Mass Humanities has supported Five Colleges Learning in Retirement and the New Jersey Council for the Humanities has awarded funding to the Princeton Senior Resource Center. The councils in Georgia, Ohio, and Rhode Island have supported the recording of oral histories of World War II veterans. Funded by the Alaska Humanities Forum, the Alaska Statehood Exhibit at the Alaska Native Heritage Center in Anchorage features touchscreen videos of Alaska native elders talking about their experience of statehood in 1959 and the effects of the Statehood Act on Native life. The North Carolina Humanities Council supported the Bladen County Library to collect stories and recollections about the Cape Fear River. This collection includes the story of eighty-eight-year-old Horace Butler, who still works in timber and was the last logger to take a log raft down the river in 1957. Butler is the repository of a life intimately linked to the river.

The Nebraska Humanities Council has an ongoing grantmaking initiative "Growing Older in Nebraska." One of the projects supported by this initiative brings together elders as storytellers and young adults ages 16 to 22 as recording partners to create elder legacies through the "Embracing Elderhood" program in several Nebraska communities.

The Apprenticeship Program of the Virginia Foundation for the Humanities, pairs masters of folklife traditions with an apprentice seeking to document, promote, and preserve folklife traditions ranging from fiddling to storytelling to wood carving. The master artists are frequently senior citizens who are engaged in crafts they learned from their elders.

Welcome Julie Goldsmith, the new executive of the Ohio Humanities Council

Julie A. Goldsmith, new executive of the Ohio Humanities Council. Photo by M. Pulliam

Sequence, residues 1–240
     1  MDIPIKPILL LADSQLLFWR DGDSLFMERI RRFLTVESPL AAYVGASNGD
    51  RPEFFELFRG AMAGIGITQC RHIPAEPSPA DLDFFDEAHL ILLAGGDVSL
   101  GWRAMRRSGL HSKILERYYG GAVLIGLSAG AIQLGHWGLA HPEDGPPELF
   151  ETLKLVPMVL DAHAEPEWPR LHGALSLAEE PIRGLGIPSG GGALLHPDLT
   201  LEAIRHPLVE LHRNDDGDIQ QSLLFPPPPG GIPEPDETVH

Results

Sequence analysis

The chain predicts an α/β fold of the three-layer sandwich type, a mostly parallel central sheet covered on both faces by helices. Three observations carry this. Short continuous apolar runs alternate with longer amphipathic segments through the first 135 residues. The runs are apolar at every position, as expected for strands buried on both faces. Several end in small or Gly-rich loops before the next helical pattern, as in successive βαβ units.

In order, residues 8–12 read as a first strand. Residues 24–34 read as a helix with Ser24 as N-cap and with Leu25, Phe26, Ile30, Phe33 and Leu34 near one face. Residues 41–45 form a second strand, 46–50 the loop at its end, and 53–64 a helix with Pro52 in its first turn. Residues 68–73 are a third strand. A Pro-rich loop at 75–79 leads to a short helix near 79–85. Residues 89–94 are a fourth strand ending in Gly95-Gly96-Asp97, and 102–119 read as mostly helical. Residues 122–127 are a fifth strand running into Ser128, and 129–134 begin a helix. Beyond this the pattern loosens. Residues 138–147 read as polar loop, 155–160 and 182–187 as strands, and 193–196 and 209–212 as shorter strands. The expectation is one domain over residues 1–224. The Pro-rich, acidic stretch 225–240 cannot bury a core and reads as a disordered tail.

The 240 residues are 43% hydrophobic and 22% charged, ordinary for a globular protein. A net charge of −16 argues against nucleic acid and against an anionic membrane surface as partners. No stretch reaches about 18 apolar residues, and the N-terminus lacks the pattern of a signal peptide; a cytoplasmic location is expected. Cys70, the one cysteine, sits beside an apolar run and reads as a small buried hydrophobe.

Julie A. Goldsmith, new executive of the Ohio Humanities Council. Photo by M. Pulliam
Julie A. Goldsmith has been named Executive Director of the Ohio Humanities Council, effective January 18, 2011. Julie served as a Humanities Administrator in NEH's Division of Education Programs before moving to the Ohio Council.

She holds a Ph.D. in media and information studies from Michigan State University, where she developed its historical Chicago Tribune archive of visual art. In 2007, she served as a visiting scholar at the Library of Congress. She has been the recipient of fellowships from both the National Endowment for the Arts and the National Institutes of Health.

Goldsmith succeeds Gale Peterson, who has retired after 13 years of distinguished service as OHC's Executive Director. Gale notes that Julie "has worked with a wide range of libraries, archives, and museums. This experience will help advance the Council's efforts to strengthen Ohio's cultural community."

Wish Sheldon Bernstein, NEH's Inspector General, a happy retirement

Sheldon Bernstein, who has worked with the humanities endowment since 1976, will retire from NEH on January 29th. He has worked closely with the state humanities councils. Many of you might wish to greet him as he prepares to leave NEH.

In his email to the NEH staff, he wrote that, "In 1980 I was promoted to the Audit Officer/Audit Director position at NEH and in 1989 I was appointed the NEH Inspector General. At times it was a bumpy road, especially during an investigation when I had to interview staff (including some chairmen). Overall, the work was satisfying and rewarding. The opportunity to work with NEH's dedicated and exceptional staff was an extraordinary experience. I sincerely enjoyed working with you and I will always remember in a wonderful way those I met at NEH. … I wish you all the best in continuing the important mission of the NEH and in your own lives."

National Endowment for the Humanities
1100 Pennsylvania Avenue, NW, Suite 603
Washington, DC 20506
202.606.8254, main number
202.606.8365, fax

Edie Manza, director [ about ]
Kathleen Mitchell, senior program officer [ about ]
Meg Ferris, program analyst [ about ]
Shirley Newman, program assistant [ about ]

directions to the Federal/State Partnership office

visit to keep up with the
National Endowment for the Humanities

Federal/State Partnership is the liaison between the National Endowment for the Humanities and the nonprofit network of 56 state and jurisdictional humanities councils